The Coastal Collegiate Swimming Association (CCSA) is set to make two announcements at 2pm Eastern today. Sources tell SwimSwam that one of the changes is that the “S” in CCSA will now represent “Sports”, and, that this alteration is due to the second announcement, that of the association adding the sport of women’s sand volleyball to the conference.
Observers within the conference believe that developing into a multi-sport conference will add legitimacy. While the full list of schools that will join in sand volleyball will be announced at 2PM Eastern, a sneak preview indicates that will include some very recognizable athletics programs from the NCAA’s “power 5” conferences.
The CCSA is a swimming and diving-only NCAA Division 1 athletic conference, composed primarily of member schools located along the Atlantic Coast, but whose primary conferences don’t support swimming. A total of 13 members across four conferences – Atlantic Sun Conference, Big South Conference, Mid-Eastern Athletic Conference and South Conference – compete within the CCSA, which was founded in 2007.
Current men’s swimming and diving schools within the conference include Florida Atlantic, Gardner-Webb, Howard, Incarnate Word, UMBC, NJIT, Old Dominion and VMI. Women’s programs include Campbell, Florida Gulf Coast, Gardner-Webb, Georgia Southern, Howard, Incarnate Word, Liberty, North Carolina A&T, North Florida, UNC Asheville and VMI. Historically, Florida Gulf Coast has been the dominate swimming powerhouse on the women’s side, while the men saw a 4-year winning streak by Davidson College, who has since left the CCSA as of 2014. Last year’s UMBC men’s squad took home the CCSA trophy.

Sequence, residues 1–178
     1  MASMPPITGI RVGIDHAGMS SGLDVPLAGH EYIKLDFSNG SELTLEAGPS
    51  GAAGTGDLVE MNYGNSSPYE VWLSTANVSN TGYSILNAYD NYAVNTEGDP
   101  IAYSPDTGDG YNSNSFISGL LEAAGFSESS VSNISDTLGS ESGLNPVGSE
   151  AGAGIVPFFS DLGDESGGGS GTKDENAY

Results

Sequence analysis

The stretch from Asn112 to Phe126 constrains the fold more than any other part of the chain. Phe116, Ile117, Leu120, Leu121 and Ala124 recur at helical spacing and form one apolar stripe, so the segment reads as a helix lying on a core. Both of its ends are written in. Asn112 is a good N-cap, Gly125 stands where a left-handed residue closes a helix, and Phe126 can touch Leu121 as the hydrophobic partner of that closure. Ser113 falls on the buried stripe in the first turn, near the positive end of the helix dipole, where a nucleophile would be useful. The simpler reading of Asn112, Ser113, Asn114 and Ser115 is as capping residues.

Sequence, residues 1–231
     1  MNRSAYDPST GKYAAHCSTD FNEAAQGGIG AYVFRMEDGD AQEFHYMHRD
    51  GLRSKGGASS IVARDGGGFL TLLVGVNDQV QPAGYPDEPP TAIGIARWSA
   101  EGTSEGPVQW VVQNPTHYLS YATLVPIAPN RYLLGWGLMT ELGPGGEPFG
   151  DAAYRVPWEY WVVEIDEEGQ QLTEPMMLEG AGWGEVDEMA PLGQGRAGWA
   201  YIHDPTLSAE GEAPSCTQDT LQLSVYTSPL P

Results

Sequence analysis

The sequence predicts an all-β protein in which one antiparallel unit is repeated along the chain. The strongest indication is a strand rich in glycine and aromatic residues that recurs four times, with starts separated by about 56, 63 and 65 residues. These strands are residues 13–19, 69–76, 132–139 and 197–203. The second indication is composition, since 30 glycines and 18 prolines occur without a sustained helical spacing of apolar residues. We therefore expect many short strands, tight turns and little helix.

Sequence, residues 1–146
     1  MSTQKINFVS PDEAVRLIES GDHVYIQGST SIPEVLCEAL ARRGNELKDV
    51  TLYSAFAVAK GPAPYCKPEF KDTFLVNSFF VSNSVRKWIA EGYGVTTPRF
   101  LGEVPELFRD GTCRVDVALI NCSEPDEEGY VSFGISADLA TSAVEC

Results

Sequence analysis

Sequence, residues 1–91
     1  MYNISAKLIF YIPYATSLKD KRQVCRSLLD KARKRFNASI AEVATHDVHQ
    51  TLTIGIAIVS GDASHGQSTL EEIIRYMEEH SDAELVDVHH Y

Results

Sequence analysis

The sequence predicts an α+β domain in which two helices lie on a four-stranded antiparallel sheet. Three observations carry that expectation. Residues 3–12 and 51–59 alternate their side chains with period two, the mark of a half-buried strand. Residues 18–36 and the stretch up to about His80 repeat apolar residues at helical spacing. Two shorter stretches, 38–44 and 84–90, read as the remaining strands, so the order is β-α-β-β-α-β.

As for sand volleyball, the sport was approved to come into the Championships NCAA Division I fold as of October 2014, and subsequently approved for Division II and Division III in January of this year. This was after the NCAA decided back in 2010 that sand volleyball should be added to its list of ‘emerging sports for women’, effective 2011. The sport made its collegiate debut in March of 2012, with colleges around the nation slowly adding the sport to its portfolio. Currently, there are 47 Division I schools offering a women’s sand volleyball program. These programs offer good value, as most of the athletes can overlap with court volleyball players.
Florida Gulf Coast and Florida Atlantic are two CCSA schools who already have women’s beach volleyball programs in place.